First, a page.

The challenges of Chassis Electrification
The electrification of an increasing number of formerly mechanically and hydraulically powered chassis systems is currently one of the major challenges faced by chassis engineers. The strong rise in the number of electrical chassis components not only adds a new dimension to driving comfort but also enables the integration of a range of indispensable safety features.
New technologies such as regenerative braking can improve the fuel economy of a vehicle significantly, and are therefore a major key to a mass implementation of electro mobility. In this context, the electrification of braking systems is one of the big challenges faced by chassis engineers. The role of pedal sensors for the electric brake system is an important one, since electric brakes don‘t have mechanical link between the driver and the brakes. Therefore, appropriate sensing systems have to be developed. The basic function of the brake pedal unit for the electric brakes is to transfer driver’s intention of applying brakes to the control module.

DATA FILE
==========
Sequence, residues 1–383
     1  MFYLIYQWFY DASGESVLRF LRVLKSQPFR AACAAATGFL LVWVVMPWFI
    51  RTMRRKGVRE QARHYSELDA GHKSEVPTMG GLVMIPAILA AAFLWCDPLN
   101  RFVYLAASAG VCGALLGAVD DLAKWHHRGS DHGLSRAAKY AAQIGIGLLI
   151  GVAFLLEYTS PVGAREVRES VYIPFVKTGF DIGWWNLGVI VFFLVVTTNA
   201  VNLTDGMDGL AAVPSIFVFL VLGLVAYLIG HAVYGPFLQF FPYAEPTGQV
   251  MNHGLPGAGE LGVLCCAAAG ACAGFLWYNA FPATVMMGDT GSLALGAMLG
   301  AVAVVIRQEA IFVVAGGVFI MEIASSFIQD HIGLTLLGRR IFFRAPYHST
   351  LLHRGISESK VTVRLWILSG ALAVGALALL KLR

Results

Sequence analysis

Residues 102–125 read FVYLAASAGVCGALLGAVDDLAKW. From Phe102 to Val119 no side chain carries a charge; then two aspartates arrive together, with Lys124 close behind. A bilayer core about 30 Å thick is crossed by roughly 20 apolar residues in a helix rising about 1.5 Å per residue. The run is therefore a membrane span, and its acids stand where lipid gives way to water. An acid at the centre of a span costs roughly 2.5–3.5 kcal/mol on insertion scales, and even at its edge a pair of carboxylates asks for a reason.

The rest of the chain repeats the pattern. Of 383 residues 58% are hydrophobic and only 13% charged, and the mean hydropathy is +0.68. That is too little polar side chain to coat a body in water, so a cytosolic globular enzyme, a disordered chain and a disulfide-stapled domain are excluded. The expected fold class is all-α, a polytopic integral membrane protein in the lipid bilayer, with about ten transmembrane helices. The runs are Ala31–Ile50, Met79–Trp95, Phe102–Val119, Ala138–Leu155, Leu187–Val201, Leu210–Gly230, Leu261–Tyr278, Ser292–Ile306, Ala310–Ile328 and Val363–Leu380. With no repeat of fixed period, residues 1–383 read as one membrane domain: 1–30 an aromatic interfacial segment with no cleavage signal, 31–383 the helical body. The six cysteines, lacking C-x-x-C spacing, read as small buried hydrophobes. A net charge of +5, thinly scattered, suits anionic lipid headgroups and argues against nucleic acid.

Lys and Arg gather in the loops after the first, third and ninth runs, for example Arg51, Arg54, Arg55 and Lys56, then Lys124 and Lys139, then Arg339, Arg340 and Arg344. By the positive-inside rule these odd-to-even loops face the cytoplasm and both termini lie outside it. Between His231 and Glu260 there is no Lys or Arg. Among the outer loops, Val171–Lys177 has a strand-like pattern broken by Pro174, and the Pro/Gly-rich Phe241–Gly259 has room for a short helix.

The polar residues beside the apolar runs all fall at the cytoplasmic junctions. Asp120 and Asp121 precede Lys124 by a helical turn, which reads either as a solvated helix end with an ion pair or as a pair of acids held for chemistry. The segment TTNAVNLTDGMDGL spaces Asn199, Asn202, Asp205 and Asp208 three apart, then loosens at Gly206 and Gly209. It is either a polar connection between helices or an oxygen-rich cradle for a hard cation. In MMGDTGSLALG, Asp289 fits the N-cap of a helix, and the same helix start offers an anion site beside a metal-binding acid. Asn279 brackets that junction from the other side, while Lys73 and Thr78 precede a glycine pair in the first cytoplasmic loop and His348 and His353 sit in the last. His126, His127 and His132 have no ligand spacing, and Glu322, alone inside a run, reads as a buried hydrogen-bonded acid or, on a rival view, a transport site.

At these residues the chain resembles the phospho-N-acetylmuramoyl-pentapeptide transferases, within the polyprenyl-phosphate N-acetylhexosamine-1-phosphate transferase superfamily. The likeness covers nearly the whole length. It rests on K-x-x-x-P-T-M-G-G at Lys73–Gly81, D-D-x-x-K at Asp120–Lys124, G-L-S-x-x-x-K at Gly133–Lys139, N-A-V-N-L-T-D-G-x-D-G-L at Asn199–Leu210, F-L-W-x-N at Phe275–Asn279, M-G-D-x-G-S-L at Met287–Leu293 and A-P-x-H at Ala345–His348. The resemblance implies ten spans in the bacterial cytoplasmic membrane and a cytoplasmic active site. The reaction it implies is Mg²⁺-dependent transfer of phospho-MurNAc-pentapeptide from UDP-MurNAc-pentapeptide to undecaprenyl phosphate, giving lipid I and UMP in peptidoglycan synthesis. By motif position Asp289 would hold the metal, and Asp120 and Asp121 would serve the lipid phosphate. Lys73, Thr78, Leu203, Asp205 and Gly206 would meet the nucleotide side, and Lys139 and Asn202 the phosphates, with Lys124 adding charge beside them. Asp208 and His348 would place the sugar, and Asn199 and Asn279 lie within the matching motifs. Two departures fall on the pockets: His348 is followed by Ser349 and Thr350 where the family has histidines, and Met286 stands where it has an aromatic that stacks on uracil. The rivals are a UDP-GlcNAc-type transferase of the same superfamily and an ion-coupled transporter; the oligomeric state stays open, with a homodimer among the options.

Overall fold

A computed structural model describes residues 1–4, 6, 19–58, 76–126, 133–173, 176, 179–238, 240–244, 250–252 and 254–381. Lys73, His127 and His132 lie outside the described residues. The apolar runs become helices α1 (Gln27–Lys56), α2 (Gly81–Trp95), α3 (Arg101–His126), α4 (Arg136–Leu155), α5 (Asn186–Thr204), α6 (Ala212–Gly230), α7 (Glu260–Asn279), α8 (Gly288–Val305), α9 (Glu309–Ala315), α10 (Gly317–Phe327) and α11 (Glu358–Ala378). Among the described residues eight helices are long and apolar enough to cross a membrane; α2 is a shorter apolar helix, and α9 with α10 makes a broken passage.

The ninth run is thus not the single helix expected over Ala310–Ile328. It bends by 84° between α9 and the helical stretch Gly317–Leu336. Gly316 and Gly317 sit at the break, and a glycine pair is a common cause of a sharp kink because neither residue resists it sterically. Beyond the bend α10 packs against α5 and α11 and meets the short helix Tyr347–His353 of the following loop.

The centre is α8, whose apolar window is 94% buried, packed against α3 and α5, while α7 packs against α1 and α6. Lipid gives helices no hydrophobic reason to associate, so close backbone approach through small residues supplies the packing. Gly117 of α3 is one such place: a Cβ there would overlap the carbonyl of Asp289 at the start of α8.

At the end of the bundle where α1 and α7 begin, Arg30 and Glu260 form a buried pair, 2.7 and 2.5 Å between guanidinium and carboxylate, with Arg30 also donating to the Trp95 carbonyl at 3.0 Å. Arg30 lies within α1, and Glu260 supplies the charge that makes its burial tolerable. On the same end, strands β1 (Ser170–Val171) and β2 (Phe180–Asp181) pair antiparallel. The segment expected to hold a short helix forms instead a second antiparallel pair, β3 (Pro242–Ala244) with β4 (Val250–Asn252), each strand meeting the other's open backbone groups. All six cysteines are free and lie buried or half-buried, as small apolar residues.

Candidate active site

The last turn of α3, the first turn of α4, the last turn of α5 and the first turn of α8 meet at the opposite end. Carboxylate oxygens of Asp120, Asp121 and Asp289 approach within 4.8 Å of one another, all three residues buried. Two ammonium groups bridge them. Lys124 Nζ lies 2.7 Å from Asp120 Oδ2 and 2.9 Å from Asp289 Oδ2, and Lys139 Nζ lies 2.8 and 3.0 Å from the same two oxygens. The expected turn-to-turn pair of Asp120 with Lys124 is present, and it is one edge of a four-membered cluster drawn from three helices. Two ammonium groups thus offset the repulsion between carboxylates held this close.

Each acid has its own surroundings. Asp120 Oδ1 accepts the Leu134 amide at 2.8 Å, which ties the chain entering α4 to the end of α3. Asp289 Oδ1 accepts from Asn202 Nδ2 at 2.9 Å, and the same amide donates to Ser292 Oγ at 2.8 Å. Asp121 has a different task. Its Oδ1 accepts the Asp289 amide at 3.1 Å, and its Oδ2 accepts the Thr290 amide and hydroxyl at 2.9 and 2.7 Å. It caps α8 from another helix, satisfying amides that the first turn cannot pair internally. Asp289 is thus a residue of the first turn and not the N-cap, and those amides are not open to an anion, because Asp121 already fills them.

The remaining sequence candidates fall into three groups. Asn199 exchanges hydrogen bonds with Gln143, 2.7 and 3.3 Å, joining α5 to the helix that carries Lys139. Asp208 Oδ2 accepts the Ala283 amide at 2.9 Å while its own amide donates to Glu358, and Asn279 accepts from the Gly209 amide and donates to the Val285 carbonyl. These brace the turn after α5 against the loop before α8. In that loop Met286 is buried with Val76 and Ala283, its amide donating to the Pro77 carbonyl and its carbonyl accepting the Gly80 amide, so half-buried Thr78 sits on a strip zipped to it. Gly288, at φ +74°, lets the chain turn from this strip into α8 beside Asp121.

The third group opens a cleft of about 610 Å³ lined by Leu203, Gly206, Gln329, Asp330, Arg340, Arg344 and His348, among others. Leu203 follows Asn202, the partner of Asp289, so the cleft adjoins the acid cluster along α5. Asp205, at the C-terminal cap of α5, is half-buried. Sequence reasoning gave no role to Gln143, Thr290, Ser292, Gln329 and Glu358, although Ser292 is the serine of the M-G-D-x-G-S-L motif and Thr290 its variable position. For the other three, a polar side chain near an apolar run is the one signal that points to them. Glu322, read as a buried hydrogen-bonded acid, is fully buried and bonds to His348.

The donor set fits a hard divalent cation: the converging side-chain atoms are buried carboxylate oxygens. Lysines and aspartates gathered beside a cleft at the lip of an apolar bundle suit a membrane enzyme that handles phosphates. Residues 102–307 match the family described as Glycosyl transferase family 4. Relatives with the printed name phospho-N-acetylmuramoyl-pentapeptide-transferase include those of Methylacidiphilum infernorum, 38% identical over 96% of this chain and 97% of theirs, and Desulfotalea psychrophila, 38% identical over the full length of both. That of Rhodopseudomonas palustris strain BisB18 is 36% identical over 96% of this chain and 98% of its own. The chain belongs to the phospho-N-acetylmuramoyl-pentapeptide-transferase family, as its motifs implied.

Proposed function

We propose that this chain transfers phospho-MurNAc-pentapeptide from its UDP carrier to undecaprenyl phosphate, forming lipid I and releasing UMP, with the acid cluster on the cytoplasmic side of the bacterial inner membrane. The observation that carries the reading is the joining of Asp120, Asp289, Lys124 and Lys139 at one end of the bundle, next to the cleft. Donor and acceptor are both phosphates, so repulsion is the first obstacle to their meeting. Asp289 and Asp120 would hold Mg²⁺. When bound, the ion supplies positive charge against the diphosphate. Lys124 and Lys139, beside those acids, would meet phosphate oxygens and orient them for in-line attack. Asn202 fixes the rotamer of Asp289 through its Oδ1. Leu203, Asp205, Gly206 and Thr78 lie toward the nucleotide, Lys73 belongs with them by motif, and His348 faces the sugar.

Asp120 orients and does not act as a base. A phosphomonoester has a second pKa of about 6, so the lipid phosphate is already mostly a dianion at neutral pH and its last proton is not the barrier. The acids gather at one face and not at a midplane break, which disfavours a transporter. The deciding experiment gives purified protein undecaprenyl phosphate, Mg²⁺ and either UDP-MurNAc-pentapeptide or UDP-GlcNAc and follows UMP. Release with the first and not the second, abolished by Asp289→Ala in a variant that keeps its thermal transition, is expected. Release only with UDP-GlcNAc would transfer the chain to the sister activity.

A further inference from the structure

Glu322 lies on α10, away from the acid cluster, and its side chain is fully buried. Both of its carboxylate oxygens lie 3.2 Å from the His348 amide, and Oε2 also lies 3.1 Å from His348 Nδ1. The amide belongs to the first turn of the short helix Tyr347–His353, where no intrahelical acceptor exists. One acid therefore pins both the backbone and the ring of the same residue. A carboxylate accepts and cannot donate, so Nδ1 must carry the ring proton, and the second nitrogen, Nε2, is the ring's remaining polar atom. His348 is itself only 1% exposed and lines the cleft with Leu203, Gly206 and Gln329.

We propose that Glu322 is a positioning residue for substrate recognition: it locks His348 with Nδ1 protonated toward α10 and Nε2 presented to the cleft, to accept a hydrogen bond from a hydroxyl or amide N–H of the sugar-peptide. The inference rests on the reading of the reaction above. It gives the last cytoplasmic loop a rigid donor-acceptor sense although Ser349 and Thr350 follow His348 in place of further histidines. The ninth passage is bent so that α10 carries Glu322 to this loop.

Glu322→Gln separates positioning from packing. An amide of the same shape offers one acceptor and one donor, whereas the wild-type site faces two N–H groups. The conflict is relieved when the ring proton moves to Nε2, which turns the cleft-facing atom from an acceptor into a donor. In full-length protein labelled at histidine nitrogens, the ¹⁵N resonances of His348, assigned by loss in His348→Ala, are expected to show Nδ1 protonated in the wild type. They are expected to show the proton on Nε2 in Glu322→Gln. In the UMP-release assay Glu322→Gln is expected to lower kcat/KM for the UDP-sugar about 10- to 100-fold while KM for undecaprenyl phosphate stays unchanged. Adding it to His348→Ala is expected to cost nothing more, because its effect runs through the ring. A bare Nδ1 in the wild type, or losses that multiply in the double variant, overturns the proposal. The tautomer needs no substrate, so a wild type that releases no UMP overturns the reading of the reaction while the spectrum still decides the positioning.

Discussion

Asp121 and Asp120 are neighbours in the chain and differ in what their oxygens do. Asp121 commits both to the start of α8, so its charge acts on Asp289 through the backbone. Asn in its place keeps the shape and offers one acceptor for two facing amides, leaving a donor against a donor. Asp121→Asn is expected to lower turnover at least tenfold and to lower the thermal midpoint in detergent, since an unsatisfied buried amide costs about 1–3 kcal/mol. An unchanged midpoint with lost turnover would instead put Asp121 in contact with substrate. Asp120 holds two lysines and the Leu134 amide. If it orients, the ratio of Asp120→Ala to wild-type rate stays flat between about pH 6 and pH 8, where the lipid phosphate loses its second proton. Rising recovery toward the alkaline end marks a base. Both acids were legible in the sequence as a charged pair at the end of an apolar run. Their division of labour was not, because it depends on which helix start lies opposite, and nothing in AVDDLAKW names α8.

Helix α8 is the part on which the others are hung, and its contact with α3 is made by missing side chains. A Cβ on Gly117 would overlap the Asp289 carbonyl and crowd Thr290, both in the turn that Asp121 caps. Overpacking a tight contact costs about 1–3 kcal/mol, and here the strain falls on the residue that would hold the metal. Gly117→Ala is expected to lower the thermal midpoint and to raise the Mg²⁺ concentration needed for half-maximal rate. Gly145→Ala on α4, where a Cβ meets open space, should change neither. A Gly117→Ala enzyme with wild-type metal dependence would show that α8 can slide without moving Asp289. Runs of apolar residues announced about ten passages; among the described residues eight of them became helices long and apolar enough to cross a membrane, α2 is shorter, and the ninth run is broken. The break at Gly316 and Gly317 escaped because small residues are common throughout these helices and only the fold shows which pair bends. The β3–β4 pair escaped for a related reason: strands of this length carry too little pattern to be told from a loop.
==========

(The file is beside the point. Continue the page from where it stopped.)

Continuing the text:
Functional requirements need to consider safety aspects, a fast response, a wake-up system on the pedal movement and pedal feed emulation. Several risky situations can be created by some malfunctions of the brake pedal unit, such as:
– Loss of brake
– Reduced deceleration
– Undesired increased deceleration
– Undesired sudden braking
– Undesired constant braking
– Retarded braking
Therefore, safety strategies and concepts need to be developed. For the implementation of the solutions, many aspects have to be considered like the synchronization of multiple sensors due to mechanical and electrical tolerances and the relationship between different sensing parameters.
Find out more about the role of pedal sensors for the electric brake system by downloading the presentation of Konrad Slanec, SensorDynamics AG.